PR Week UK, 10 January 2008
Ekow Eshun rose through the ranks of trend-setting journalism at record speed, before reinvigorating one of London’s premier arts venues. Adam Hill finds out how he has boosted the profile of the Institute of Contemporary Arts.
Ekow Eshun is rightly described as a high achiever. A former assistant editor of style bible The Face and editor of men’s magazine Arena (both before his 29th birthday), he regularly appears as a cultural commentator on Newsnight Review as well as writing for The Guardian and The Observer.
He has penned a highly readable memoir, Black Gold of the Sun, in which he made the startling discovery that he is descended from a slave trader. For nearly three years he has been artistic director of the Institute of Contemporary Arts (ICA) in central London, guiding the institution through a spectacular 60th year in 2007. And he doesn’t turn 40 until May. more
Financial Times, 7 June 2007
Art has the power to disrupt our relationship with the everyday. So does having your first child – I now live in a permanent state of immanence
I’ve been thinking a lot about the future recently. Four weeks ago, my partner Jenny and I had our first child – a boy called Milo. I am elated, of course, but also conscious that the horizon of my world has contracted to match his – Jenny and I now live in a permanent state of immanence dominated by the prospect of the next feed or nappy change. more
The Independent, 8 May 2006
Last week I read …
Between the Prescott stuff, the Football Association’s tussle for Scolari, and Rooney’s foot, it was an enormously entertaining week. All of these have an amazing element of soap opera to them.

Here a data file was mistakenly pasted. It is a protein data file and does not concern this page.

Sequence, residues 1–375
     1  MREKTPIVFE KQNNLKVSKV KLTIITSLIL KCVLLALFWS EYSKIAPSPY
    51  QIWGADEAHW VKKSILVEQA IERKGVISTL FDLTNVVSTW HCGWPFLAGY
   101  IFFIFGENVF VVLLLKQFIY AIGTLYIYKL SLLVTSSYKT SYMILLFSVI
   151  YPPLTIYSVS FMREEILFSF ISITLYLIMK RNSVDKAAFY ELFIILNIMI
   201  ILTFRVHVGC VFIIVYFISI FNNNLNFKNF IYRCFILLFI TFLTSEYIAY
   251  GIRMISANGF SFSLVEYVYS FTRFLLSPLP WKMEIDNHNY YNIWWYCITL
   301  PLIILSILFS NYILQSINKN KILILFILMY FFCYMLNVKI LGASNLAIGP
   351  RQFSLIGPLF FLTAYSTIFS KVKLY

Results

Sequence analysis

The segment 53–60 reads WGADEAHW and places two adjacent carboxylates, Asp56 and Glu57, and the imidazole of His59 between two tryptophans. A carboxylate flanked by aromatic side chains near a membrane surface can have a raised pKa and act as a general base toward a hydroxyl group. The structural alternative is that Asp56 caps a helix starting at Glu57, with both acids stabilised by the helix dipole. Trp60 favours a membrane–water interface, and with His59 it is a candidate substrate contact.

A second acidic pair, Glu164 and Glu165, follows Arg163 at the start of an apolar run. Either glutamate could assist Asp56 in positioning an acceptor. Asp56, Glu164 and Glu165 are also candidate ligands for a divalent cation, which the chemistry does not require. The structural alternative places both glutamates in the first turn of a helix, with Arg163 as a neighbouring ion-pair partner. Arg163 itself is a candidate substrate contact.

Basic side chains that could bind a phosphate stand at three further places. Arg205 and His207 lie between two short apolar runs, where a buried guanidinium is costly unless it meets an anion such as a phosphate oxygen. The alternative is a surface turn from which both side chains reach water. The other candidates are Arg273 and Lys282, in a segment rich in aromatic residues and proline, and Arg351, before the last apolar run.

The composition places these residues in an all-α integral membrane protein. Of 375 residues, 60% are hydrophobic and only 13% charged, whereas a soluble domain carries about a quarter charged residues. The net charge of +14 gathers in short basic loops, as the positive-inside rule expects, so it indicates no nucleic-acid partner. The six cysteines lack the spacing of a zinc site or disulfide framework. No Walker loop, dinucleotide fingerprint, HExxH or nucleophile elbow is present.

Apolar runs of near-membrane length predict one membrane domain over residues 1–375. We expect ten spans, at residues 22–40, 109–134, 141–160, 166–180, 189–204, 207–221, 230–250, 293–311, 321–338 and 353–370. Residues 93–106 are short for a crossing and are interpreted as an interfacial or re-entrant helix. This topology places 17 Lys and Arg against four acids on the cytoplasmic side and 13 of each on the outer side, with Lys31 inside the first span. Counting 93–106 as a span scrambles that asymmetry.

The awards ceremony for Beck’s Futures was last Tuesday. This year the critics and the public loved the winner, Matt Stokes. Seeing that reflected in positive coverage was brilliant.
The New Yorker had a travel issue this week. Anthony Lane wrote about how cheap flights have transformed air travel in Europe and he started by booking a 99p trip to a city he’d never heard of. It was about the experience of travel and how it feels in Europe now. Anthony Lane is British, but he and Seymour Hersh have an assurance and perceptiveness with their writing that I never see over here.
Last week I surfed…
A journalist called Neil Boorman is writing a brilliant blog called Bonfire of the Brands (bonfireofthebrands. blogspot.com). He’s built a certain amount of his identity around brands because he’s a style journalist, and it’s turned into an inspired debate about the stuff we consume and what brands mean. He’s building up to a day in August when he’s going to burn all the stuff from his consumer life.
Aintitcool news.com treats Hollywood with the same affection and obsession that European cineastes do French films. It’s enthusiastic about films many would dismiss as popcorn. more
London Evening Standard, March 11 2005
HE IS the adept cultural pundit regularly called upon to pronounce on high art or racial politics. Now, rather than dissect other people’s output from the comfort of the studio sofa, Ekow Eshun is taking on a troubled artistic project of his own. By David Rowan
Eshun is the surprise choice as the new artistic director of the Institute of Contemporary Arts. The 58-year-old institute, in its prime location in The Mall, may still be a favourite haunt of London’s trendiest students, but critics are questioning its lack of focus and cultural influence. The post was widely expected to go to an acclaimed Swiss curator, Hans Ulrich Obrist, whose terms were rumoured to be excessive for ICA budgets. So is the home-grown style journalist the man to give the ICA a renewed purpose?
His previous work, as a member of its governing council, included telling Ivan Massow that he had to resign as chairman, and then publicly calling Massow a “pillock”. So when he was appointed this week, he knew as well as anyone the pressures he will now face confronting its internal splits, tarnished critical reputation and financial uncertainty.